“Members of the military endlessly sacrifice for our country,” the service member said. “We go where they tell us to when they tell us to, devote our prime family building years to the military, and put ourselves in harm’s way. The military preaches the importance of families in our mission, but when the time comes for some of us to build our own, we are told we don’t qualify. Discriminatory requirements should not hold us back from building the families we have suffered so much to have.” 

Renée Mihail ’24, a law student intern with the Yale Veterans Legal Services Clinic, West Point graduate, and Army veteran, also gave a veteran’s perspective.

“Throughout my time in service, and now as a veteran, I have seen so many friends and colleagues struggle with fertility. This is not just a coincidence; our service has seriously impacted our ability to build families,” Mihail said. “We risked our lives serving the people of the United States. The least the Government can do now is help us build the futures and families we delayed for so long. Instead, the Departments of Defense and Veterans Affairs impose discriminatory policies that reenforce outmoded stereotypes of family building, particularly for women and same-sex couples. These policies are unconscionable and unlawful.”

Sheffield, the plaintiff in the second lawsuit, is suing for herself and a class of other married veterans. Because of injuries from her service, Sheffield has developed conditions that affect her fertility. She sought IVF services from the VA, but the agency told her that she did not qualify for IVF benefits because she is married to a woman. Sheffield is represented by counsel at the National Veterans Legal Services Program; Brody, Hardoon, Perkins, & Kesten, LLP; and Peter Romer-Friedman Law PLLC.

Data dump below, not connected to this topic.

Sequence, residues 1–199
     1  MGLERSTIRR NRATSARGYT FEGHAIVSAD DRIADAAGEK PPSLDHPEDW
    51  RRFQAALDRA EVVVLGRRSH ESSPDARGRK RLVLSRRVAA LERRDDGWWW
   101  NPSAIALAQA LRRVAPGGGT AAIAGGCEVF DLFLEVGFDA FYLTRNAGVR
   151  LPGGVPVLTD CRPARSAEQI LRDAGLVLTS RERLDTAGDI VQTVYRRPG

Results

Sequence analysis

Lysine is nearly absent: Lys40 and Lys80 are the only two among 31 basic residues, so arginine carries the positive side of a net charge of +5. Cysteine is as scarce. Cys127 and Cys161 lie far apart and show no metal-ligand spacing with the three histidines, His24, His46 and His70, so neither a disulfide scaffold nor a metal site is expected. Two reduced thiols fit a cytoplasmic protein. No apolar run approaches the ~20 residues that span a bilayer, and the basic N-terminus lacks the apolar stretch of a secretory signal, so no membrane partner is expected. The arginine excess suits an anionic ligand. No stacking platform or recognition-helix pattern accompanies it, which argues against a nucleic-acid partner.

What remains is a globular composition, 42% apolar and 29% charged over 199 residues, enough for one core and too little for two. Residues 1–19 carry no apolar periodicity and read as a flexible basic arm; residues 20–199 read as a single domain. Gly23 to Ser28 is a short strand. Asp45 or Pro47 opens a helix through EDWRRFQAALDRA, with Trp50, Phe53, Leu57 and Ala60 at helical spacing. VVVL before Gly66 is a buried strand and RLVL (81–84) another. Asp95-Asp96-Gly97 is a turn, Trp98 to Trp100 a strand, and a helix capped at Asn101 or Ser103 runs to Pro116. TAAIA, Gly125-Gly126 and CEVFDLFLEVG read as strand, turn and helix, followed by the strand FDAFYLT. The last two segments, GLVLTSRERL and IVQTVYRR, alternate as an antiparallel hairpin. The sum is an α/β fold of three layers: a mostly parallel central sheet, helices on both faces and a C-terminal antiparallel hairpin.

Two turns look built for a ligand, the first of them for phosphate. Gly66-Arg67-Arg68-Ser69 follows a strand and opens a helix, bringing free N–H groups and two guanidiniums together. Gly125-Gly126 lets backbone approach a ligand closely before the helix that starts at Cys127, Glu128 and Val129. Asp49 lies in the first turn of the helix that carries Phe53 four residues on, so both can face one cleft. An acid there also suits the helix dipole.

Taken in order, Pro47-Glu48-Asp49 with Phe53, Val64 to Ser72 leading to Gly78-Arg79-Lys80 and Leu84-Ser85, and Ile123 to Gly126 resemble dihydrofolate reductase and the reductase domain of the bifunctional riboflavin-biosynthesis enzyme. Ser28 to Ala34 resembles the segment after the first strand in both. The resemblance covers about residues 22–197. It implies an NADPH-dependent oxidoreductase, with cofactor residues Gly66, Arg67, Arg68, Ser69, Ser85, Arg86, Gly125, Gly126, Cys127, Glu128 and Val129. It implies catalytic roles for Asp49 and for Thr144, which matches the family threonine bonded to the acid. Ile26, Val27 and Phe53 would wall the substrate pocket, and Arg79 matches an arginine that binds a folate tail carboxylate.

“Like so many LGBTQ+ veterans, I honorably served in the Armed Forces, and I earned the health benefits that millions of veterans enjoy. I’m shocked and disappointed that the VA is denying me and other veterans IVF benefits because we’re in same-sex marriages,” Sheffield said. “We are entitled to equal treatment, and we should no longer be treated as second-class citizens.”

READ MORE: the Boston complaint

Michael Stefanilo, Jr., a partner who leads the LGBTQ+ Civil Rights practice at the Boston-based litigation firm of Brody Hardoon, Perkins, & Kesten, LLP, commented on the lawsuits.

“Ten years ago, the Supreme Court struck down the Defense of Marriage Act because that heinous law treated same-sex marriages as invalid and dehumanized LGTBQ+ people,” Stefanilo said. “There is no excuse for the VA breathing new life into the bigotry that LGBTQ servicemembers and veterans have faced for hundreds of years.”

NOW-NYC focuses on igniting change through advancing laws, promoting women in leadership, fighting for reproductive justice, and challenging discrimination and violence against people with marginalized gender identities and sexual orientations.

The Veterans Legal Services Clinic and the Reproductive Rights and Justice Project clinic, which represent NOW-NYC, are, respectively, part of the Jerome N. Frank Legal Services Organization at Yale Law School, and Yale Law School’s Information Society Project.  

The National Veterans Legal Services Program is a 501(c)(3) nonprofit organization that has worked since 1981 to ensure that the government delivers to our nation's veterans and active duty personnel the benefits to which they are entitled.

Brody, Hardoon, Perkins & Kesten, LLP, is a Boston-based law firm specializing in civil rights litigation with a practice area dedicated to advancing the LGBTQ+ community through law. 
Peter Romer-Friedman Law PLLC is a public interest law firm that represents people, nonprofits, and unions to advance social and economic justice in a range of legal areas, including employment discrimination, constitutional rights, fair housing, public accommodations, and consumer protection.